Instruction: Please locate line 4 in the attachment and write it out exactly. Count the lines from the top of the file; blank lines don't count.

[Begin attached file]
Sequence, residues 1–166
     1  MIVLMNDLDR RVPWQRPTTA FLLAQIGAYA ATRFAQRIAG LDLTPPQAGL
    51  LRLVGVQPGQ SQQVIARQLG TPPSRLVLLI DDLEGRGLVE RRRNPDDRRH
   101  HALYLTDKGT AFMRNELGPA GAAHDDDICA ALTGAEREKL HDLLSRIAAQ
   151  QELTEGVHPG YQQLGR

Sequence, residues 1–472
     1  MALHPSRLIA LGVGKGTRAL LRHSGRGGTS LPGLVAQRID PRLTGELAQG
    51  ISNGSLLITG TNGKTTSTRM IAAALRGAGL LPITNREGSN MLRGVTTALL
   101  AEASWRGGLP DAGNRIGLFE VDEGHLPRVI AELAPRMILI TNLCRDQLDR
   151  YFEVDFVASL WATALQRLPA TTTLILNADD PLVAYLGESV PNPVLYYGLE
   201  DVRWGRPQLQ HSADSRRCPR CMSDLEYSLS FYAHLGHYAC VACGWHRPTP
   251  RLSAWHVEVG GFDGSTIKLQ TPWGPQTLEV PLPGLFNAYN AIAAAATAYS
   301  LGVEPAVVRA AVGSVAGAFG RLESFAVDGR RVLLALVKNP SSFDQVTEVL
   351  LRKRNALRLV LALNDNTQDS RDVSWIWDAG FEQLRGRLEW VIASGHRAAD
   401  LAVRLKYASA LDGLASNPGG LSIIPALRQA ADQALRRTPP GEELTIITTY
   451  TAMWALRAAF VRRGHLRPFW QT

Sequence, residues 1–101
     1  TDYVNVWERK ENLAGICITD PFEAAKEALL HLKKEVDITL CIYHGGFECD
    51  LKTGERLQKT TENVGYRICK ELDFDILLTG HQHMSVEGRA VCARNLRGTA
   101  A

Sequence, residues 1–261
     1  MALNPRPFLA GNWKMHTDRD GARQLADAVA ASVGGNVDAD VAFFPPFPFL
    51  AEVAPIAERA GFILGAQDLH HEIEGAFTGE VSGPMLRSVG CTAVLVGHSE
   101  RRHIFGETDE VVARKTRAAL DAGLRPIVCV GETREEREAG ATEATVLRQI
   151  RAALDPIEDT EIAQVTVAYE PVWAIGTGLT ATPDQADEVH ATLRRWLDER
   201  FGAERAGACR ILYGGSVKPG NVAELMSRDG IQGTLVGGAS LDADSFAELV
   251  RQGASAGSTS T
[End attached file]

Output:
   101  HALYLTDKGT AFMRNELGPA GAAHDDDICA ALTGAEREKL HDLLSRIAAQ